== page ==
Symptoms occur suddenly. They differ depending on the part of the brain affected. Multiple symptoms arise at the same time. Call emergency help right away. Brain tissue dies quickly when deprived of oxygen.
Having a stroke is an emergency situation. Diagnosis includes:
- Neurological exams
- Electrocardiogram (ECG, EKG) —a test that records the heart's activity by measuring electrical currents through the heart muscle
- Brain and blood vessel imaging by:
- Blood tests especially homocysteine, prothrombin time , and other coagulation tests
Some tests may include:
- Arteriography (angiography)—a catheter is placed in a blood vessel in the groin and threaded up to the brain; to show arteries in the brain
- Magnetic resonance angiography (MRA)—shows brain blood vessels by mapping blood flow
- CT angiogram (CTA)—this test uses a CT scanner and can give images of the blood vessels inside the brain, after a dye is injected into the veins
- Functional MRI—shows brain activity by picking up signals from oxygenated blood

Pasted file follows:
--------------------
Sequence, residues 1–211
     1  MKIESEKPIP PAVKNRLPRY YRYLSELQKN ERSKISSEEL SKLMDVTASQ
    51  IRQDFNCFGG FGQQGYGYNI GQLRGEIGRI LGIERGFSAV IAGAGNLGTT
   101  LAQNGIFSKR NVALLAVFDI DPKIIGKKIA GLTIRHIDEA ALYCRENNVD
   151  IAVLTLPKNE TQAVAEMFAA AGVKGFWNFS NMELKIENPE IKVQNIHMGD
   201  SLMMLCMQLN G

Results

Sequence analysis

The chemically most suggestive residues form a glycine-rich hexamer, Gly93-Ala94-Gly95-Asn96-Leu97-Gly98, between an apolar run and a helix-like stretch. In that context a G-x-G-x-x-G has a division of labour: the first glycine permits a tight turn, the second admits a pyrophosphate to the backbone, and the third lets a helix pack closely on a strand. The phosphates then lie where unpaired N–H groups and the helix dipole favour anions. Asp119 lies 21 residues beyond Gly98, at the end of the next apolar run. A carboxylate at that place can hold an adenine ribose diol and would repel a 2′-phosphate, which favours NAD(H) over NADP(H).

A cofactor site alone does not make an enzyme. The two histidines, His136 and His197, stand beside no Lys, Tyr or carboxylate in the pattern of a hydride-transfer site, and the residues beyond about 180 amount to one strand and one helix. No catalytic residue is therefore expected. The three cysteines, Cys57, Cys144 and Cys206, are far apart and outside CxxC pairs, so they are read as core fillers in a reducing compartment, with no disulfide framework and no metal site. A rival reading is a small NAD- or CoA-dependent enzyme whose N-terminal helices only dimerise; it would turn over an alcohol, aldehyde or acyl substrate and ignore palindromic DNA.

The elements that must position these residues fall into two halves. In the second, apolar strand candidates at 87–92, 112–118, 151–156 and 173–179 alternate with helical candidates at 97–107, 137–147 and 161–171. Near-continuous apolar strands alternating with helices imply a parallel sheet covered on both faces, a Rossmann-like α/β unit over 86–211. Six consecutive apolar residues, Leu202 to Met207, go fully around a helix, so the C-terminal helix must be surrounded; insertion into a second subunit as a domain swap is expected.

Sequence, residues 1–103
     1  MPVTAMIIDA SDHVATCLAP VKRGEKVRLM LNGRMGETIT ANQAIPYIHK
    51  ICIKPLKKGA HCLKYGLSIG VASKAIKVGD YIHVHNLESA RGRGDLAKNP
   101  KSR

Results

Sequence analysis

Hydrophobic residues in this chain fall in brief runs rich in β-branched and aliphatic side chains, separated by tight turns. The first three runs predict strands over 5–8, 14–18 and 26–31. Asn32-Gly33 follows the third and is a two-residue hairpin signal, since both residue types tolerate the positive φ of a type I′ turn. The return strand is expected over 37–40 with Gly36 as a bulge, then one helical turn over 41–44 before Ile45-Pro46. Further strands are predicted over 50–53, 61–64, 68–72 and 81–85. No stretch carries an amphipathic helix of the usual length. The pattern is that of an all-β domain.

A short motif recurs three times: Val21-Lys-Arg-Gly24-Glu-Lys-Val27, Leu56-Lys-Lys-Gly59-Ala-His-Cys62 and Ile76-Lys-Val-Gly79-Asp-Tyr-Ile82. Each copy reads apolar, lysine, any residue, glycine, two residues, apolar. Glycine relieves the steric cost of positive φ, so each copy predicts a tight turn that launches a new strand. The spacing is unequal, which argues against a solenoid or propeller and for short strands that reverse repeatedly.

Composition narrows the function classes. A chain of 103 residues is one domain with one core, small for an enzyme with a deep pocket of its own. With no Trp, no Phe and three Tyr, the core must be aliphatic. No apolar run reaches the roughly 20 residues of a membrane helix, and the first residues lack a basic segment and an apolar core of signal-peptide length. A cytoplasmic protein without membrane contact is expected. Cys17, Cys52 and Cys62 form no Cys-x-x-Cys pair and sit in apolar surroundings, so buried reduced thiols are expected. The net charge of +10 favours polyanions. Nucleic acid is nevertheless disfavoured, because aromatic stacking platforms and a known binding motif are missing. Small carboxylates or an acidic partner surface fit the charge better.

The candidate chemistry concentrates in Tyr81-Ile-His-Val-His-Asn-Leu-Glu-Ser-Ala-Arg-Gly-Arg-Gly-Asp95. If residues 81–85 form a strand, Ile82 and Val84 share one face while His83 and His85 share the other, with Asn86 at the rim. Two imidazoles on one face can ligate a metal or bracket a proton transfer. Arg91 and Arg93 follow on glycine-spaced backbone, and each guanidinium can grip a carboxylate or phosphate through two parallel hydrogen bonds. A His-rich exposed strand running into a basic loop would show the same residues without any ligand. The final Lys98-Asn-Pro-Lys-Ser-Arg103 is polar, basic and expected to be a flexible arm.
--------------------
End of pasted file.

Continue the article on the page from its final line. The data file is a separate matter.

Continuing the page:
- Doppler ultrasound —shows narrowing of the arteries (carotid and vertebral) supplying the brain; evaluates flow of blood in brain
- Echocardiography —a test that uses high-frequency sound waves (ultrasound) to examine the size, shape, and motion of the heart; to show if the clot comes from one of the heart's chambers
Please be aware that this information is provided to supplement the care provided by your physician. It is neither intended nor implied to be a substitute for professional medical advice. CALL YOUR HEALTHCARE PROVIDER IMMEDIATELY IF YOU THINK YOU MAY HAVE A MEDICAL EMERGENCY. Always seek the advice of your physician or other qualified health provider prior to starting any new treatment or with any questions you may have regarding a medical condition. Copyright © 2022 EBSCO Publishing All rights reserved.